Date of Graduation
Davis College of Agriculture, Natural Resources and Design
Wildlife and Fisheries Resources
Stuart A. Welsh.
The following thesis contains three chapters. The first chapter introduces and reviews literature on disturbances in streams (e.g. flood and drought), recovery of impacted lotic systems, introduced species and New River fish distributions. Chapter 2 provides a synthesis of native and nonnative fish distribution data of the New River Gorge National River (NRGNR). Sixty-two species were documented within or near the NRGNR. Thirty-one (50%) are considered nonnative. The third chapter consists of a study that estimated seasonal abundances of native and nonnative fishes in small tributaries of NRGNR during a 20 month time period following July 2001 floods, and examined among-season stability in abundances of native and nonnative fishes across the 20-month time series. Twenty-nine species were observed (15 native and 14 nonnative) and patterns of recovery were influenced primarily by four natives (stoneroller, blacknose, dace, creek chub, and green sunfish) and four nonnatives (telescope shiner, whitetail shiner, smallmouth bass, and rainbow darter). Abundances of most species did not increase monotonically over the 20-month study period, but fluctuated among seasons. Abundances of nonnative fishes were generally less stable than those of natives across the 20-month time series. Seasonal variation in abundances among species was attributed to historic ecological factors, summer drought, immigration and emigration associated with seasonal habitat shifts, and juvenile recruitment.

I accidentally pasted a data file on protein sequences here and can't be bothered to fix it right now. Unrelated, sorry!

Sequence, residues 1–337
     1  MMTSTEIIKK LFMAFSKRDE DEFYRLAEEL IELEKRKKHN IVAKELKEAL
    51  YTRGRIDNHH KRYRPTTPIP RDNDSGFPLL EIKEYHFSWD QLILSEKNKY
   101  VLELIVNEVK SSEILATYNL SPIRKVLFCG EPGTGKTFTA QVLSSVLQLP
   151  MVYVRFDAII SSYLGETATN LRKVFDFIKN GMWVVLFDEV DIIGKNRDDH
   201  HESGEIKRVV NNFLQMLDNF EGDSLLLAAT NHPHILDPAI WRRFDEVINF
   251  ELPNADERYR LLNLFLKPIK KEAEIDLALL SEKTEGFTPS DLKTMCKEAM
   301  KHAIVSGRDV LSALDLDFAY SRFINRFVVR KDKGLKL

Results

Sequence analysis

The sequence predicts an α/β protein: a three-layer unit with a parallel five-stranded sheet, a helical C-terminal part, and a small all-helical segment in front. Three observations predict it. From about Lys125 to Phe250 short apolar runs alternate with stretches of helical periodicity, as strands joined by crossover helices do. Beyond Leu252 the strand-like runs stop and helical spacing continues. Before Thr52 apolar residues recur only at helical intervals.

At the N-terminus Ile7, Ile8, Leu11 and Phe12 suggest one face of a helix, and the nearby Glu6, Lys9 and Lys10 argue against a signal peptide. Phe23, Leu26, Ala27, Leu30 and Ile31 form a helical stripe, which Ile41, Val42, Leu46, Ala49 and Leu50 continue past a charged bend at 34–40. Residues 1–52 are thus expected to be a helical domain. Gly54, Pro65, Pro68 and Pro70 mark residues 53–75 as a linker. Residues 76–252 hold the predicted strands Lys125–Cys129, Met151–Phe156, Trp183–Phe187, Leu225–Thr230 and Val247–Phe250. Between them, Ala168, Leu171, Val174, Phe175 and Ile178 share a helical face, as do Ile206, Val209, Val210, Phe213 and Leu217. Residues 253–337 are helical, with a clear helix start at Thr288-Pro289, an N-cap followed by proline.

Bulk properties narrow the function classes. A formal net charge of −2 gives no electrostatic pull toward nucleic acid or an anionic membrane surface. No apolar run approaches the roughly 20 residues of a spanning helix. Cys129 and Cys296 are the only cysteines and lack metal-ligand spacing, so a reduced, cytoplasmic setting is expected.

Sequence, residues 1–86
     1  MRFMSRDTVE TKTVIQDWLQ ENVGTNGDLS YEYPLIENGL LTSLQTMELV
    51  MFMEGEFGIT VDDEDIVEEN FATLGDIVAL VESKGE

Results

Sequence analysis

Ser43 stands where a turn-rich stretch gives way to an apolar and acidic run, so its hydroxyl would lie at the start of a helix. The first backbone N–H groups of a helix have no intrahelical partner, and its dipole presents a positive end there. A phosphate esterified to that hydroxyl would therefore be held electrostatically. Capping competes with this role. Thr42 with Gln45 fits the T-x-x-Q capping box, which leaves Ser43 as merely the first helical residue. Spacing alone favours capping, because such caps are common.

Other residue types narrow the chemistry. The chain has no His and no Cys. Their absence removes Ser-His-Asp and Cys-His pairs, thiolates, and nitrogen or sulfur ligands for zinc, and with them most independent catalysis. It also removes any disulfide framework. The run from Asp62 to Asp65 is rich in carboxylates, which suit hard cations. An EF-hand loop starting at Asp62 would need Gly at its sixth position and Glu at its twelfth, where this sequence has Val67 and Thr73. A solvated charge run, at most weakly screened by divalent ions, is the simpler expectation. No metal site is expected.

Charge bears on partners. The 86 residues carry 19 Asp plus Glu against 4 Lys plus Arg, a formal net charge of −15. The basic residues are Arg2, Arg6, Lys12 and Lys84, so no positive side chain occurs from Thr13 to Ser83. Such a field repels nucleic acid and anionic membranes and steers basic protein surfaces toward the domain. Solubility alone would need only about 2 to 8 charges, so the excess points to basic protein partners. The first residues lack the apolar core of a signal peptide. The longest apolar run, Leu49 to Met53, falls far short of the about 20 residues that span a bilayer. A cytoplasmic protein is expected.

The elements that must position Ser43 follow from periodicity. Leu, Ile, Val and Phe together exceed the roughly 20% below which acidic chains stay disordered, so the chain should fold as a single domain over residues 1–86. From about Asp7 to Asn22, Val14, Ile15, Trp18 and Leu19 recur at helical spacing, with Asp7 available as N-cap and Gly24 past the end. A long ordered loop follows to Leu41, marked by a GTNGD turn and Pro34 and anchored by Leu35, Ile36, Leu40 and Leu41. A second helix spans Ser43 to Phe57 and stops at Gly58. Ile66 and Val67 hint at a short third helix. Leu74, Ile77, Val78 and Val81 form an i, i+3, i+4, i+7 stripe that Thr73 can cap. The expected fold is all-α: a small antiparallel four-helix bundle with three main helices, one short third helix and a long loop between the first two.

Wellman, David I. Jr., "Post-flood recovery and distributions of fishes in the New River Gorge National River, West Virginia" (2004). Graduate Theses, Dissertations, and Problem Reports. 2001.